Tuesday, 2 September 2008

The Learning from Lambeth

OK — now I'm back at work, what is clearer to me as a result of Lambeth?
  1. The sheer scale of our communion in global terms. It was immensely moving to meet colleagues from around the world — Zimbabwe, Myanmar, Darfur — and learn directly about the human and gospel dimensions of their lives. Most moving was the experience of being in a huge congregation saying the Lords prayer together in over a hundred languages. Quoting a Tanzanian brother, God’s Word speaks to each of us in our own language as the people we are, where we are. I was often reminded of Max Warren’s saying “It takes a whole world to know Christ.”
    So? Get to know and prioritize time for the world Church
  2. The experience of African led Bible studies in community was fantastic. Some of the more academic English felt it wasn’t quite their cup of tea. It was mine. I am ashamed at the comaratively modest amount of time I have spent down the years in teams and groups studying the scriptures personally together. Business always seemed more important. If only I had seen that corporate study of the scriptures was our business, I might have prioritised things rather differently!
    So? Direct, personal, corporate Bible study could be given a greater place in the engine room of our decision making processes.
  3. Indaba is a considerable discipline that takes a while to master, but it’s worth it. We are so inculturated into parliamentary methods and tactics, with winners and losers, as the way to make decisions. Indaba is slower, and requires a higher order of listening skills. Imagine, say, the last General Synod, without all the locker room intrigue, hysterics and theatricals. I am still haunted by a Japanese colleague, who had needed continuous translation, thanking the group in broken English for “the beauty of being listened to.” It brings no glory to God that the same would be very improbable feedback from many of our church meetings.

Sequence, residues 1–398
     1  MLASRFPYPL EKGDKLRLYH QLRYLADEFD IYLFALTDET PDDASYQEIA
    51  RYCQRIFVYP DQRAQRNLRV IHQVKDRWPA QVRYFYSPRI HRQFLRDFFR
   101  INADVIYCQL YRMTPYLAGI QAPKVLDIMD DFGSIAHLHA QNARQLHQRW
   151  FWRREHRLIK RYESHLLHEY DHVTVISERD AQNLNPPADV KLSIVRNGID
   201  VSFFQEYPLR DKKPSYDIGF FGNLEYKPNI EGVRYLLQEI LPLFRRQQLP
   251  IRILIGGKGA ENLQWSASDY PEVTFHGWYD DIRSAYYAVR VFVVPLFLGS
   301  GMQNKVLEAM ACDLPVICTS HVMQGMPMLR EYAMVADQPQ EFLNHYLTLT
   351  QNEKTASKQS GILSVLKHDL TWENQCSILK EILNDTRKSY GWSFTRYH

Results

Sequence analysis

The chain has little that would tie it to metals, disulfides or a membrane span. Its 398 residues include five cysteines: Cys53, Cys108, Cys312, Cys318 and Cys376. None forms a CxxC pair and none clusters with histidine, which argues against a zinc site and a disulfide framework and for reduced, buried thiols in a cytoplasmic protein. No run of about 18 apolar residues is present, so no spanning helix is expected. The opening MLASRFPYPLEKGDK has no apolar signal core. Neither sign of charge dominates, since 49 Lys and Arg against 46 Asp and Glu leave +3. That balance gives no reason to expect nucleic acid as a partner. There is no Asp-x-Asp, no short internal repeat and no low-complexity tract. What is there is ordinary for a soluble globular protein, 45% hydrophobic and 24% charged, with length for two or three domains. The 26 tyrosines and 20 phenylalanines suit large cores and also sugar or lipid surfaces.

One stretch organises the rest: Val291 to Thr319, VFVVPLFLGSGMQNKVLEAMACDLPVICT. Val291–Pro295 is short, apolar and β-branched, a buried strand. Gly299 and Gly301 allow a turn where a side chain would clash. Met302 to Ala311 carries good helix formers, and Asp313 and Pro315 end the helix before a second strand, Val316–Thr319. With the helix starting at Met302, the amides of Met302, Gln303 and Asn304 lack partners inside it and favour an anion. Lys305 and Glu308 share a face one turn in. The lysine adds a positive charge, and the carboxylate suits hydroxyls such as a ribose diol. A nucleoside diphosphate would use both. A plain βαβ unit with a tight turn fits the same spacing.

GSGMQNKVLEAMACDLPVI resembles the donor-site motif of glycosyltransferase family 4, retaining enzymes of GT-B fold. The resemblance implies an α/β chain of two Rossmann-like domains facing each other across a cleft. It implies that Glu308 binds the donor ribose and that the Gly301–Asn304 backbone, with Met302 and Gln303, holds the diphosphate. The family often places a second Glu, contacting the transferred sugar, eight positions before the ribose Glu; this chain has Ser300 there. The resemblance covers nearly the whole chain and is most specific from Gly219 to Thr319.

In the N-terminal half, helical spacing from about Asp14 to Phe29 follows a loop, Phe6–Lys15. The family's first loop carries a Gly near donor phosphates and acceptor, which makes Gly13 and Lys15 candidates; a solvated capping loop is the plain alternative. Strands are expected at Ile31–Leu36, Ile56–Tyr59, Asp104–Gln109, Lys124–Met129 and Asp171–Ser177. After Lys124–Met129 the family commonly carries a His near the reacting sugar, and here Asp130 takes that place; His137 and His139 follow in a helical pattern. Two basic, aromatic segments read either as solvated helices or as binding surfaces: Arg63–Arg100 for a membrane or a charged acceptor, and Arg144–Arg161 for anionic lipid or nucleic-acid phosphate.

So? Be more aware about the negative effects of parliamentary processes on people, and work for more patient, open, mutual, emotionally inteligent ways of deciding things together.
  4. Rowan’s big Lambeth strategy seemed to be about committing to personal and corporate holiness, and alowing our plans to grow out of that. I have no grand overarching command and control strategy for Bucks. Here’s my strategy: Grace through Faith — strive to become the kind of people God needs us to be, and he will show us, on the ground, what needs doing and, more importantly, how to do it. As we step out, with authenticity, in faith we grow; as we shrink back, our visions get bogged down in fear and trivial pursuits. Therefore, as well as looking outward, centering our team processes in Scripture and being rigorously self-critical of our methods, we will be richly rewarded by God as we prioritise faith over fear, realism over fantasy, personal and spiritual excellence over mediocrity.
    So? We need more Faith, more realism, more holiness!


Anonymous said...

"...strive to become the kind of people God needs us to be, and he will show us, on the ground, what needs doing and, more importantly, how to do it."

Or, more concisely, "Your Kingdom come, Your will be done on earth as it is in heaven."


Anonymous said...

Thank you so much for your thoughts today. It is so much more helpful and encouraging to read a God-centered response than ones which are humand problem-centered - bemoaning that the time at Lambeth did not "sort out " the communion's problems.